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R =H (14) R = M e




(7) 1


(19) R = H

(22) R = M e

(20) R = H (23) R = M e


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I (27)

(29) R = H (31) R = M e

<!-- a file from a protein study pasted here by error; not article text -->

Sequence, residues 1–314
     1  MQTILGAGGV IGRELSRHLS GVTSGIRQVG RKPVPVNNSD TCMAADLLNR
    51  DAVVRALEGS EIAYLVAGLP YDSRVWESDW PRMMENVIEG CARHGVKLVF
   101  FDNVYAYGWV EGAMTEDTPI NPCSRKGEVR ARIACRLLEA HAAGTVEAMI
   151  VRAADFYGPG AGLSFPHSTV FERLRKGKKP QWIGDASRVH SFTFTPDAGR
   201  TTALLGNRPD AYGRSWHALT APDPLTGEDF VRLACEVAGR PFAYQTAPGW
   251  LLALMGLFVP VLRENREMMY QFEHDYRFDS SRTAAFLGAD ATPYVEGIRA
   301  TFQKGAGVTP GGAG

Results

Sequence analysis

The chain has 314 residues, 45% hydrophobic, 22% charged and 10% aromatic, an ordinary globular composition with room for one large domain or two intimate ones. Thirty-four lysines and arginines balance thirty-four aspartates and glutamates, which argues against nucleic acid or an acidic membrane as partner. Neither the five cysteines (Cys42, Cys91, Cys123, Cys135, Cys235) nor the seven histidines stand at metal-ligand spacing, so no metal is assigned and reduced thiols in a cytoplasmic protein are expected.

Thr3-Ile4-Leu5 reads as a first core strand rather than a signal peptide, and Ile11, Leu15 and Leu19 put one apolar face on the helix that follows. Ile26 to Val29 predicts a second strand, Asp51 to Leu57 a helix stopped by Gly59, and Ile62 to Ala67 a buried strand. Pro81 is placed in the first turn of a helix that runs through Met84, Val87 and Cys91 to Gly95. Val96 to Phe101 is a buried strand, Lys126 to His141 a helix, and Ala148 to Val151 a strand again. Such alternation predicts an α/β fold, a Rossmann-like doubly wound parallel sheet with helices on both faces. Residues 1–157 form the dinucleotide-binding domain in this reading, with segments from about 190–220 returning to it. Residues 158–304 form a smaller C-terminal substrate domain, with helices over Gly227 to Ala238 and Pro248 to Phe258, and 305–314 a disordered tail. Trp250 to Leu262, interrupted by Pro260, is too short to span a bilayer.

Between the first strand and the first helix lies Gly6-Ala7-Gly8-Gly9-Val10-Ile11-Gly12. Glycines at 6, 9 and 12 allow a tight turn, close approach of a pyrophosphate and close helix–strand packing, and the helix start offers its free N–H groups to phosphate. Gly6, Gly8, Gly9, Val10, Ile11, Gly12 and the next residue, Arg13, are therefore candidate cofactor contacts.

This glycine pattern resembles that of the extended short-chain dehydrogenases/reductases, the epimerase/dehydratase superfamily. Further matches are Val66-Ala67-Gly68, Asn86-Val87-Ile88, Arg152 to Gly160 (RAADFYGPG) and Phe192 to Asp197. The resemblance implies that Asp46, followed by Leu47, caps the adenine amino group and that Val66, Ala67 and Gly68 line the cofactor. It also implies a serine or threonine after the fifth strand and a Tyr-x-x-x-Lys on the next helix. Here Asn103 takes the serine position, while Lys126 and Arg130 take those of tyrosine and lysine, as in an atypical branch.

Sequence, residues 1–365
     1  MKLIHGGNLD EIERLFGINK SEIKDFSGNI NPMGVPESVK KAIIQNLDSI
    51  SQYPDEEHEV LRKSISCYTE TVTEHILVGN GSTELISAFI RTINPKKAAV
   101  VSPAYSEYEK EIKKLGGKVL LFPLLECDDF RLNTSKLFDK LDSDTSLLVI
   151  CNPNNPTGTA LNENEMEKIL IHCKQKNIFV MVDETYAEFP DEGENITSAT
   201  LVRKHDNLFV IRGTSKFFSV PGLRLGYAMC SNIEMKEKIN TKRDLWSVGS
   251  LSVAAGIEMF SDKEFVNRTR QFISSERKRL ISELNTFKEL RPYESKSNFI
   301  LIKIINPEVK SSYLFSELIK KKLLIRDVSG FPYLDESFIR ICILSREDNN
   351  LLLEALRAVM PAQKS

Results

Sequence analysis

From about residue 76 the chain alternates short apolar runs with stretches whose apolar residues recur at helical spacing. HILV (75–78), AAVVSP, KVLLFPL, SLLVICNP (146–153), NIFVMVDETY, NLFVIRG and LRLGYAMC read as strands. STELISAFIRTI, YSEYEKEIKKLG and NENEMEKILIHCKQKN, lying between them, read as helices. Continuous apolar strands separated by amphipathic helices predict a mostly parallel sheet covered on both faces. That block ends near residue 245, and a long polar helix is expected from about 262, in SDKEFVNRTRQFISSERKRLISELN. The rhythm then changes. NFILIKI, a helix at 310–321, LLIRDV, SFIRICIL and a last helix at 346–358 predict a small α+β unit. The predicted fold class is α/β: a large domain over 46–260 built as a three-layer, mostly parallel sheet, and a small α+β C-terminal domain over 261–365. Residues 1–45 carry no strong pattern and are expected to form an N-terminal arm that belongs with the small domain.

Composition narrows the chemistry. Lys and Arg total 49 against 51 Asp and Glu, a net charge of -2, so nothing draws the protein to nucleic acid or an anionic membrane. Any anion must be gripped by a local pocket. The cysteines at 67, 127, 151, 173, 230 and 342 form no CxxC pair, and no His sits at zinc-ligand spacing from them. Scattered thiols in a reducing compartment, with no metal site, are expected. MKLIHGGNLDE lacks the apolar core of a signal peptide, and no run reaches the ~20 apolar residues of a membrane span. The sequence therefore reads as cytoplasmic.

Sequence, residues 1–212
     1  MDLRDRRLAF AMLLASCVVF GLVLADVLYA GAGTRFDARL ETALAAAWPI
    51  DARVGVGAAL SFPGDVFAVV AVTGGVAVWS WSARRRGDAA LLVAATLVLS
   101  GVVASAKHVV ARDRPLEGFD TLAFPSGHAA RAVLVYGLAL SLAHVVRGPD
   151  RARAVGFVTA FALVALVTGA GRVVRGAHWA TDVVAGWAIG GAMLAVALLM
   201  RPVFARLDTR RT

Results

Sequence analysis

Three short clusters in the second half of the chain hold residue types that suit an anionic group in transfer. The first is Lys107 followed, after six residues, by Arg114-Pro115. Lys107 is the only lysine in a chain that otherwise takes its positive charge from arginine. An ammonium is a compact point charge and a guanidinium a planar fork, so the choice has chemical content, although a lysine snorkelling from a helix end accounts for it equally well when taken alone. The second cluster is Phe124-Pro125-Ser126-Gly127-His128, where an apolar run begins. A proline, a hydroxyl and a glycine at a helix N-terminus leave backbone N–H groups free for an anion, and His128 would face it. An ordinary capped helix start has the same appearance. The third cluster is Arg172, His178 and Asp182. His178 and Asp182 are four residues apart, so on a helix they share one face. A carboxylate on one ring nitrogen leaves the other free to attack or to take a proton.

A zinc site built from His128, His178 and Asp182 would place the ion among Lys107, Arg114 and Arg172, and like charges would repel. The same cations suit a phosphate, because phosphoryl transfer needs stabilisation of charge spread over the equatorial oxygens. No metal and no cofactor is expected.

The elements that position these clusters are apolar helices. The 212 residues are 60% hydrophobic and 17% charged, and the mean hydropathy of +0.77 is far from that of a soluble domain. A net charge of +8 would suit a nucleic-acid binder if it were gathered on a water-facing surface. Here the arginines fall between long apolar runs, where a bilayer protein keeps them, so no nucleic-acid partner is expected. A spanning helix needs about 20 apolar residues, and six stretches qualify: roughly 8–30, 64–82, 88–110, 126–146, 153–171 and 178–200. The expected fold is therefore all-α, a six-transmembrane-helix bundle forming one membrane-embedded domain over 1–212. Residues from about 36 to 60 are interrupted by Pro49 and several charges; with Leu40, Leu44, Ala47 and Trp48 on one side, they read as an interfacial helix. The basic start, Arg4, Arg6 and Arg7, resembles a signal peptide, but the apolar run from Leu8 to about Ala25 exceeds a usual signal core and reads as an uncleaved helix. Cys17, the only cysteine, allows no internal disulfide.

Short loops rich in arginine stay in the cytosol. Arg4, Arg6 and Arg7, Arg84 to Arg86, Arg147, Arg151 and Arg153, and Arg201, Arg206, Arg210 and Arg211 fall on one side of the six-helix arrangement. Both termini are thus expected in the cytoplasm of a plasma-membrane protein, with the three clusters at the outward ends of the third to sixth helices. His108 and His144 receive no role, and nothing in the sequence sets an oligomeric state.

Saccharonzyces cerevisiae, ( 13) was somewhat more effective than mycostatin. A geometric isomer of muqubilin (15) was isolated from a Latrunculia sp. and characterized as its methyl e ~ t e r . ~The ’ absolute sterochemistry of (15 ) was assigned as 2S73S,6Sbased on Horeau analysis and C D measurements. Use of the magnitude and direction of the optical rotation for (13) in comparison to several related systems allowed these workers to assign an absolute stereochemistry of 2S73R,6S. A norditerpene, methyl nuapapuanoate ( I 6), was found in addition to muqubilin in another examination of an undescribed Prianos sp.36 The structure and relative stereochemistry were assigned by NMR spectroscopy studies. A second norditerpene, (17), was isolated from a Latrunculia SP.~’The skeleton was assigned by lH and 13C NMR and the stereochemistry was reported as 2S,3 R,6S. The related sesterterpene ( I 8) was recovered from the same source and possessed the 2S73S,6S absolute c~nfiguration.~’ The investigation of the ichthyotoxic fraction of Sigrnosceptrella laevis produced two acidic compounds, sigmosceptrellin A (19) and B (20).38 Sigmosceptrellin A was characterized as its methyl ester and the structure was elucidated through chemical modifications and NMR studies. The relative stereochemistry was assigned based on an X-ray crystal structure of a derivative. Further work on the species lead to the isolation of another member of the series from the crude extract, sigmosceptrellin C (21), as well as the methyl esters of (19) and (20), (22) and (23).39Sigmosceptrellins B and C were determined to be stereoisomers of (19) and an X-ray crystal structure determination was carried out on a derivative of (20).40A related compound, called prianicin B, was isolated from a Prianos sp. and was determined to be identical to sigmosceptrellin B although the structure reported had a different relative c ~ n f i g u r a t i o nSigmosceptrellin .~~ B (prianicin B) possessed antibiotic and antifungal proper tie^.^^ The absolute configuration of the sigmosceptrellins has been the source of some confusion due to the different results obtained by the use of different procedures. The configuration of (20) was originally assigned based on a positive Cotton effect in the CD of a keto d e r i ~ a t i v eCompounds .~~ (19) and (21) were then correlated to (20). Later, use of the Horeau asymmetric esterification procedure returned evidence for the assignment of the opposite absolute configuration for (20).3i Some clarity was gained by the isolation of a norsesterterpene peroxide (24) from Mycale aizcorina, the methyl ester of which exhibited spectroscopic characteristics identical to the methyl ester of sigmosceptrellin A (19) but possessed an optical rotation opposite in sign.3i 41 A comparison of the ORD curves of the two esters confirmed the enantiomeric relationship. Final confirmation was obtained by comparison of a degradation fragment from (24) with an identical fragment prepared by